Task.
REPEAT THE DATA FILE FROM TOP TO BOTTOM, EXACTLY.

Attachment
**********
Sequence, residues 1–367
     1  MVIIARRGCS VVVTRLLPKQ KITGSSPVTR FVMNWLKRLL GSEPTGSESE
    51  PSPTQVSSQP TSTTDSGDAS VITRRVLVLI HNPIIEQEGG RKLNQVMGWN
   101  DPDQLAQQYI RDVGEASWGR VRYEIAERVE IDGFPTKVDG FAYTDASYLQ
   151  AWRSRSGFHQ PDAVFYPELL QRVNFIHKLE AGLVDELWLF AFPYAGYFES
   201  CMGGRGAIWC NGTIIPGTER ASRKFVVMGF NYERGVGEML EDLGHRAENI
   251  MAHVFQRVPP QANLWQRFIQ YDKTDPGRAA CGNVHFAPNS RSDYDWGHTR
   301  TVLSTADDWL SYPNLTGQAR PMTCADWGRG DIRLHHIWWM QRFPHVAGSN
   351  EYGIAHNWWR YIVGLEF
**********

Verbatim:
Sequence, residues 1–367
     1  MVIIARRGCS VVVTRLLPKQ KITGSSPVTR FVMNWLKRLL GSEPTGSESE
    51  PSPTQVSSQP TSTTDSGDAS VITRRVLVLI HNPIIEQEGG RKLNQVMGWN
   101  DPDQLAQQYI RDVGEASWGR VRYEIAERVE IDGFPTKVDG FAYTDASYLQ
   151  AWRSRSGFHQ PDAVFYPELL QRVNFIHKLE AGLVDELWLF AFPYAGYFES
   201  CMGGRGAIWC NGTIIPGTER ASRKFVVMGF NYERGVGEML EDLGHRAENI
   251  MAHVFQRVPP QANLWQRFIQ YDKTDPGRAA CGNVHFAPNS RSDYDWGHTR
   301  TVLSTADDWL SYPNLTGQAR PMTCADWGRG DIRLHHIWWM QRFPHVAGSN
   351  EYGIAHNWWR YIVGLEF